Yes, it’s a big title but such a quote deserves to be placed front and center.
According to the AP:
Ethics board chairman Hank Perret called the proposed changes “ill-conceived” and said they would destroy the independence and transparency of the ethics board, which investigates ethics complaints.
“In effect, the ethics board will disappear from the light of public scrutiny. Why would anybody want that?”
Let me repeat that for all the Jindal lovers who believed that Louisiana would be best served by the “ethics champion” Bobby Jindal.
In effect, the ethics board will disappear from the light of public scrutiny
Also stated by the head of the ethics board is:
‘”With the exception of enforcement, the bills proposed are a huge leap forward for Louisiana,” he said.”
Now, what good are ethics changes if the enforcement of those laws is flawed?
The problems with the bill are:
- The ethics board will no longer make decisions on whether someone violated the law.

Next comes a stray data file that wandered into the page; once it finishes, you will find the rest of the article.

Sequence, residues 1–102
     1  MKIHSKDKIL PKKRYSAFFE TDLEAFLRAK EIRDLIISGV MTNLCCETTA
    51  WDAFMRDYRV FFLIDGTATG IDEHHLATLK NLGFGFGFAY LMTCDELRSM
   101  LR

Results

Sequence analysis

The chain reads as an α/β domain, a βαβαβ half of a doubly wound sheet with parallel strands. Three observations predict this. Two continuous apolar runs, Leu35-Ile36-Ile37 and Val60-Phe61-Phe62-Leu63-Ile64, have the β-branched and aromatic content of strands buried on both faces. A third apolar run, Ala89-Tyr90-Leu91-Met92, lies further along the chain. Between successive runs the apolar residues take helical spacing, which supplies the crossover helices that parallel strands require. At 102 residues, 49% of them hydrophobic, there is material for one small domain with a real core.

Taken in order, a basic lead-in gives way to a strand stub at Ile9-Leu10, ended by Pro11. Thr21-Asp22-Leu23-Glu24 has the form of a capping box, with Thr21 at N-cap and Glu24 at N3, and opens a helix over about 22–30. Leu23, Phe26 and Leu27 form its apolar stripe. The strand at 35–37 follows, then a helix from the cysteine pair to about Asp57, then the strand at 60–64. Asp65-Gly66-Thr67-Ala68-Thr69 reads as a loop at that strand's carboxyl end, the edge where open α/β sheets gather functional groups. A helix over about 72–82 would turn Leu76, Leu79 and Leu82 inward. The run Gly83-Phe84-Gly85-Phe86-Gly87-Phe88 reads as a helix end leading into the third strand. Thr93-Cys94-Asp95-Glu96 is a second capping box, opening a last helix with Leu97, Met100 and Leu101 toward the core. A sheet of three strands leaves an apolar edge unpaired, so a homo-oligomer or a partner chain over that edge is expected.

- The governor will get to pick who makes those decisions, politicizing the decisions.
- It requires the board to offer settlements. (Why should the board be forced to take an action that might not be the best decision?)
- It would hide the names of people asking for advisory opinions from view.
Jindal’s deputy chief of staff said:
“We’re comfortable with the proposal,”
OF COURSE THEY ARE!!!!! I think the situation is becoming clearer as the ethics session continues. First and foremost, as discussed on 99.5 earlier, the plan wont even take effect until after his first term. Now, we have a plan that weakens the ethics board and removes transparency from the process. By removing transparency, and making it so less people know about the ethical problems, it will be harder for people to perceive the ethical problems (since they will be harder to see!).
Perhaps the Jindal administration feels that if people are less capable of seeing the ethical problems, they will assume that the ethical problems are no longer there. The ostrich method seems fairly typical for Republicans, so I am not surprised. In reality, nobody will be fooled by these pathetic attempts at solving our perception problems. As I said previously, the best way to solve our ethics perception problem is to solve the ethics problem. However, as this ethics session continues, it is clear that Jindal’s “plan” will only fool those die hard Jindal supporters who will view anything passed with the title of “ethics” as success for their wunderkind.
And as I said, if any of them try and claim that Jindal is still strong on ethics, I will outwardly laugh at them.